Off topic but isn't Sun's Linux policy so way off??

Gates Morality? - Oh please ...

Gates may be a very moral man, but this is not the issue.

The issue is should legal corporations be forced to compete with an *illegal* monopoly that has a 10:1 spending capability?

Remember: MSFT *has* been found to be guilty. The settlement is under negotiation, but the sentence is not.

Meanwhile the economy is stagnant, computer innovation is stagnant, computer jobs are decreasing in the US.

A settlement in the interest of the US economy is one that would promote competition. That's why monopolies are required to conform to more strict anti-competitive regulations.

Gates and morality form somewhat an oxymoron. I can still remember the lawsuit by Apple against Microsoft where they found Apple source code right in Microsoft's video software product...hmmm... bad morals, I guess. And the wake of bad behavior still continues.

.NET has alot of work to do. We rarely see Global 2000 that committed to .NET. Most of them are still hard-core J2EE for server-side apps and enterprise integration.

IBM proves that one company can do many things, do them well, and make a profit. That's not to say they are #1 in everything, just that they are in to just about everything and do an okay job. So Sun need not worry about diversifying.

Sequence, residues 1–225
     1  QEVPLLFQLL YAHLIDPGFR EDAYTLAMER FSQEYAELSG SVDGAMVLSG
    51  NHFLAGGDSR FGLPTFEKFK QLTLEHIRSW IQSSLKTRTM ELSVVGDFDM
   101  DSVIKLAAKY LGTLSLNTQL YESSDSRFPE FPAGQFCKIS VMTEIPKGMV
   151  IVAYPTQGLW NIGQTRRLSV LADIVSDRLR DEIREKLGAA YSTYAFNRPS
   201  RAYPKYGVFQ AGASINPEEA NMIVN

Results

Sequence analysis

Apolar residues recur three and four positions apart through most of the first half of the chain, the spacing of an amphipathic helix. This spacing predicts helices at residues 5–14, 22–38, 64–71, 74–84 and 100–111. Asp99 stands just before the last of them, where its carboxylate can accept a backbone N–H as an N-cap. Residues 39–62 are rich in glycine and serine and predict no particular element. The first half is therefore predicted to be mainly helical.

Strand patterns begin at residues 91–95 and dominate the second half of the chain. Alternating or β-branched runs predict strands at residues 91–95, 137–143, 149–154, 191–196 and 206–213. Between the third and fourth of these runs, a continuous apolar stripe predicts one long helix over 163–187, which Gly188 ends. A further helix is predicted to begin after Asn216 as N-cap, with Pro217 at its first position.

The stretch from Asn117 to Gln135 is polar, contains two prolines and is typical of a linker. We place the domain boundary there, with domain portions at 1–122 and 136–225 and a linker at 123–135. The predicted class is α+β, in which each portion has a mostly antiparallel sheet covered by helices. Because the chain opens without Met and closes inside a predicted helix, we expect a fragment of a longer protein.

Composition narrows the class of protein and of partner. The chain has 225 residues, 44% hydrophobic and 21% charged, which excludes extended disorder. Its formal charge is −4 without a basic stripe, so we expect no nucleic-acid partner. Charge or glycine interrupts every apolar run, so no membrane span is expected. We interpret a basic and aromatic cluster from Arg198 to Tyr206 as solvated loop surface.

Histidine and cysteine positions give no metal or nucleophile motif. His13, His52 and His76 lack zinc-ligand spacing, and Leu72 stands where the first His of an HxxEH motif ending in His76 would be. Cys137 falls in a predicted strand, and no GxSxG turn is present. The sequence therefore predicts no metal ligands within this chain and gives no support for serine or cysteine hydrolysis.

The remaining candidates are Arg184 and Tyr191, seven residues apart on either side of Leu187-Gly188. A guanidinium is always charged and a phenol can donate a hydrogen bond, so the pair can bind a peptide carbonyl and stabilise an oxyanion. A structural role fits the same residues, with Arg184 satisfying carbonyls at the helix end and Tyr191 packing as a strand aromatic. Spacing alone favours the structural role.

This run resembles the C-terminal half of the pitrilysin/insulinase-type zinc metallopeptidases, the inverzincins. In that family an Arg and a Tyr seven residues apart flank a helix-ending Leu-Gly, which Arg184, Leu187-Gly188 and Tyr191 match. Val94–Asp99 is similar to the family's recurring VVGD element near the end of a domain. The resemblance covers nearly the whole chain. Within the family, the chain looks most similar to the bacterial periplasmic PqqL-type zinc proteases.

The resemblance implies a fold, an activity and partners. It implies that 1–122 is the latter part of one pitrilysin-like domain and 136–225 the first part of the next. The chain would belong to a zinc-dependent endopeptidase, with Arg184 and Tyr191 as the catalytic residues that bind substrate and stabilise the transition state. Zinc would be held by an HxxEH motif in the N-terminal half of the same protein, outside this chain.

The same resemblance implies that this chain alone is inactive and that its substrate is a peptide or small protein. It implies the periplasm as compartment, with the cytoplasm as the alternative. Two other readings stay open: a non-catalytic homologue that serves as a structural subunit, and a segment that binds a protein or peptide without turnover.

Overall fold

In fact, I'm glad they have done such a good job building & promoting Java and related technologies. I just don't see where they make a profit from it. I've never understood how they could make money, except by selling servers and the long-term prospects in that field are being eaten up as the Intel/AMD CPUs improve.

Even at their current low stock price, I'm not sure Sun is a good investment. But then I picked AMD way back in 1996 and have yet to see profit on that poor investment.

Sun needs to do its own thing as fighting Microsoft head to head is a losing battle.

Java could be a grass roots programming language and platform if Sun would make it Free Software and just guide the language in a non Microsoft dominated standardization forum as they just tried to kill it anyway. Holding Java tight is killing the company.

McNealy himself in a JavaOne keynote said that companies that try to "run the gambit" and do hardware, software, and services usually fail. Sun needs to focus.

The one job the US govt needs to do with respect to businesses is enforce fair competition. They've failed miserably in the software industry. Microsoft is writes fanciful UIs on top of unsecure, unreliable garbage that people buy up, because they are too dumb to use anything else. Why not split up Microsoft and instill some fair competition. A user community we need to demand the use of standards, and demand selection. Say no to propietary solutions, select standards.

Bill Gates is a very moral man, all he wants is for the public not to steal his product.

Sun is nearly a corpse, they have made the classic mistake of thinking they are both a software and a hardware company. The shareholders take the beating for this hubris.

Look at their company: Data General, DEC, Prime, Silicon Graphics, Apollo, Integraph, not exactly stellar company.

Microsoft has successfully stayed clear of that trap, and the stockholders, the real owners of the precious capital, are grateful.

a) make sucky software that we (programmers) all have to deal with

b) engage in anti-competitive practices to the extent that they are the only company who can write any software at all

Sun should stick to what they do best, and leave software development to experts.